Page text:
Patients and Methods
The clinical and microbiological results in this report were prospectively analyzed as part of hospital quality improvement initiative. This prospective observational study was approved by the institutional review board of Houlton Regional Hospital (Houlton, ME, USA, author’s previous work place from January to November 2004). No informed consent of the patients was necessary to obtain for this study. In this study we performed the routine cultures of the subsequent 95 epidural catheters, which were used for postoperative pain treatment for more than 24 hours. Epidural catheters were inserted aseptically in accordance with a standardized protocol, immediately before induction of anesthesia, by a single investigator at the level suitable to provide surgical anesthesia. Insertions of the epidural catheters were performed in the left lateral decubitus position. Standard protocol included using sterile gloves, gowns and wearing caps and face mask by the anesthesiologist performing the insertion of the epidural catheter. Skin preparation was with preheated, warm 70% alcohol in order to diminish patients discomfort during its evaporation and allowing skin to dry before the epidural catheter insertion. Tuohy needle (17 gauge 3.5.dull tip, metal hub) and nylon, transparent 20 gauge closed-end epidural catheter with 0.22 micron filter (Spinal Specialties, Inc. San Antonio, TX) were used. A midline or paramedian approach and loss of resistance to 0.9% NaCl solution were used to identify the epidural space. The epidural catheters were inserted into the epidural space at least 5 cm but not more than 7 cm in the intended cephalad direction.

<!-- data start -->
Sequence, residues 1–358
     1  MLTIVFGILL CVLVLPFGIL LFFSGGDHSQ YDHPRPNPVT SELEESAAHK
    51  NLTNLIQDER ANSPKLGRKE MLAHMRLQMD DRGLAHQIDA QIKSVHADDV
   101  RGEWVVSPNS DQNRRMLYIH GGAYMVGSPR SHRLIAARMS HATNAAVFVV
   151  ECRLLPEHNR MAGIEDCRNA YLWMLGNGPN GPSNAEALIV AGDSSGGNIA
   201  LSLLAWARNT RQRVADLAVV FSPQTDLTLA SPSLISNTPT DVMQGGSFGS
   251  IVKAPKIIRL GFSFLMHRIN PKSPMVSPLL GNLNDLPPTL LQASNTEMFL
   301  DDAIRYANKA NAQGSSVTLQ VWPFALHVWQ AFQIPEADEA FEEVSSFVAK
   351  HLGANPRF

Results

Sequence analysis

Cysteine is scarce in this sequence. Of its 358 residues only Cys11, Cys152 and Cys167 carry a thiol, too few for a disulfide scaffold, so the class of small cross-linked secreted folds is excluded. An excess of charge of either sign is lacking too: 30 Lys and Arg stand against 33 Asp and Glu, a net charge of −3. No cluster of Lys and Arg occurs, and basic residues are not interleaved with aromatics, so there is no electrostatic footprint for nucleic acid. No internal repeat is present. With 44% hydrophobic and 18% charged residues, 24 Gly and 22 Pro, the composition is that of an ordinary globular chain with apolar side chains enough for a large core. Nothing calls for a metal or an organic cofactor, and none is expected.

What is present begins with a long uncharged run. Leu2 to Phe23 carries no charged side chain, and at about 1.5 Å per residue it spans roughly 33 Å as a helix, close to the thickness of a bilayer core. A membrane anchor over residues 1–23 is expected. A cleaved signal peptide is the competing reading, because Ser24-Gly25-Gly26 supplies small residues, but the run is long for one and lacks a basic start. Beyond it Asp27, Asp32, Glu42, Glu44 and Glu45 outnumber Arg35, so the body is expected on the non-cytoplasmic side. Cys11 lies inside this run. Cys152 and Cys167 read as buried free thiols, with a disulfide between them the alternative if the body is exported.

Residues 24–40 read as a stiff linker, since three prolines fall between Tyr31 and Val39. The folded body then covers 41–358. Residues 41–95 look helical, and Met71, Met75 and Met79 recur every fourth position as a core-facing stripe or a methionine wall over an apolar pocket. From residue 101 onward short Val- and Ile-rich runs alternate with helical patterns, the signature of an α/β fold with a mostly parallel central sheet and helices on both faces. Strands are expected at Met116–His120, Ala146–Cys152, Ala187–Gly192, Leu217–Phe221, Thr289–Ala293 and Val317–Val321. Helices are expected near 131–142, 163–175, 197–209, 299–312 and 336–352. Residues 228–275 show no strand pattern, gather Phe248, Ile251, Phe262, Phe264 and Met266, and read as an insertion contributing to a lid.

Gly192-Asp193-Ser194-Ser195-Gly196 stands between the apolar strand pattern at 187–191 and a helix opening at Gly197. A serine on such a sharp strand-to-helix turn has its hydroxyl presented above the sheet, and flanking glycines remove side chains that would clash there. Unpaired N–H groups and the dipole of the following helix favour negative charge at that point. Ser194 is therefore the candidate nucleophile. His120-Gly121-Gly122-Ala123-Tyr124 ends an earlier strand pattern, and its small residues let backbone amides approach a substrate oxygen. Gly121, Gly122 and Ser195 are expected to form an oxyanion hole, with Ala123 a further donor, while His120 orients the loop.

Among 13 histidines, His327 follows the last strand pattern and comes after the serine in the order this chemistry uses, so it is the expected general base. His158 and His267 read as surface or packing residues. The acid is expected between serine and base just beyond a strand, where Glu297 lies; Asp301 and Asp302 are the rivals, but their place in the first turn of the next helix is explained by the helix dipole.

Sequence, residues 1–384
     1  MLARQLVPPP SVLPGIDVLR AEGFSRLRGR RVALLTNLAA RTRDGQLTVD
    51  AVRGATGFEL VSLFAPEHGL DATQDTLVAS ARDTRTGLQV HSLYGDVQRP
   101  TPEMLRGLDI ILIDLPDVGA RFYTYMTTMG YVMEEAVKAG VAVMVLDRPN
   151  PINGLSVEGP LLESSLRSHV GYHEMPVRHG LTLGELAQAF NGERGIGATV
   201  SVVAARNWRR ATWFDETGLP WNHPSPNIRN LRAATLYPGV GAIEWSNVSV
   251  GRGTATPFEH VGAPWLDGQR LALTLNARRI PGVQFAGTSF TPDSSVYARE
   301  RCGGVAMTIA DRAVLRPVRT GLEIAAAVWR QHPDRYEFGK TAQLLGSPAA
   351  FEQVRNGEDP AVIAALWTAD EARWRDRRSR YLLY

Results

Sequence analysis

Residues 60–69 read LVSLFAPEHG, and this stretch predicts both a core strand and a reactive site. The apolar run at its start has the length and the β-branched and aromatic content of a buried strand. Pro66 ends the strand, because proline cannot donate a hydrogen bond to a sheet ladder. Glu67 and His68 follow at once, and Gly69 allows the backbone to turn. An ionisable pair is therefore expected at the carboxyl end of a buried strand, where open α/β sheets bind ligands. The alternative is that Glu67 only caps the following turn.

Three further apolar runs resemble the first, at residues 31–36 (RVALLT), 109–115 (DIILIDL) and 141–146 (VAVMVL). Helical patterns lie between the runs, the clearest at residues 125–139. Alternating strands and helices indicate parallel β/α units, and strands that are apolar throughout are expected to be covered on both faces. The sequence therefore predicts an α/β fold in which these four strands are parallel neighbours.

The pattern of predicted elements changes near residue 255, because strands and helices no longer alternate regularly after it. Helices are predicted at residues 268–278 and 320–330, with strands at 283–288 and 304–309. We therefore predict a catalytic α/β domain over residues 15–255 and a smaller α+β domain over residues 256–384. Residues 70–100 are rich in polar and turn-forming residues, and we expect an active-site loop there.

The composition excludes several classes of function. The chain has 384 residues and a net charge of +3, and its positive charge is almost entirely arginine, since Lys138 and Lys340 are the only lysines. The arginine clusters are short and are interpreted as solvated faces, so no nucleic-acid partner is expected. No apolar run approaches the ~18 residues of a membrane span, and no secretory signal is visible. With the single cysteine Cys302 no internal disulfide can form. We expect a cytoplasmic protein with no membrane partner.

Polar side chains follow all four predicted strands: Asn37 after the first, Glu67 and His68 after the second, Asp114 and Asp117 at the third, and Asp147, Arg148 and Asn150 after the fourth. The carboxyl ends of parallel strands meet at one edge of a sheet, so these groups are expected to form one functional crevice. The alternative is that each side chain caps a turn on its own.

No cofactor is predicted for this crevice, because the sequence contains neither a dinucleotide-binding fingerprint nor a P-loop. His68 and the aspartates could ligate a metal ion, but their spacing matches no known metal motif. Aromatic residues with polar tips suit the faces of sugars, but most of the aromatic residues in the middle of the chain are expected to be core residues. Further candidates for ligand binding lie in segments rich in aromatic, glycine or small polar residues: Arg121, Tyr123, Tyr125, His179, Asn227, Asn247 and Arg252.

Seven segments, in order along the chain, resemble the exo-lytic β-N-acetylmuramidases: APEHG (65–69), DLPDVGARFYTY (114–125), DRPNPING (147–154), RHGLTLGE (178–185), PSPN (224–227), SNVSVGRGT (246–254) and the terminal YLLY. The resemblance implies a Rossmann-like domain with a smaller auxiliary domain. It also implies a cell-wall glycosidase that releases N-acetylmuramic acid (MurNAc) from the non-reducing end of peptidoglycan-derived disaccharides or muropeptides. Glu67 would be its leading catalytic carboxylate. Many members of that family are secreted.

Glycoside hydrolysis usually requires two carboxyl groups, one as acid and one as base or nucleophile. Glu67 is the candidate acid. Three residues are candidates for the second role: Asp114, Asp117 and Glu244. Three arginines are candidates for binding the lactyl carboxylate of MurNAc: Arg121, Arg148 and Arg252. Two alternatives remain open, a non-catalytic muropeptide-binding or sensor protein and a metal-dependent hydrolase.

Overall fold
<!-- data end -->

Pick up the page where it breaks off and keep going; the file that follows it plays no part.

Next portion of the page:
All catheters were tested for intravascular or subarachnoid placement using non-pharmacological meniscus test6. The catheter at the puncture site was fixed in place by a clear, sterile transparent occlusive dressing (Tegaderm; 3M Comp, St.Paul, MN) which was not changed if undisturbed until the catheter removal, and adhesive tape ( Medipore; 3M Comp.) over the patients back. Loading dose of local anesthetic was given before or soon after the induction of general anesthesia, to achieve a satisfactory surgical epidural anesthesia. Continuous infusions, including boluses delivered by anesthesiologist, if required, were commenced at the end of surgery. Epidural medications were preservative-free, single use local anesthetics with or without fentanyl 50 - 100 mcg added in sterile normal saline prepared by anesthesiologist under sterile conditions.
Each patient was examined by a staff member once daily or whenever there were any calls for pain management, malfunction of catheter or infusing pump, and evaluation of catheter-related infection. Patients were instructed to report any problems related to the use of epidural analgesia such as pain at the site of epidural catheter insertion, or weakness in the lower extremities. Nursing staff was requested to report if there was any soiling or peeling of the epidural dressings, catheter disconnection, and presence of discharge from the insertion site.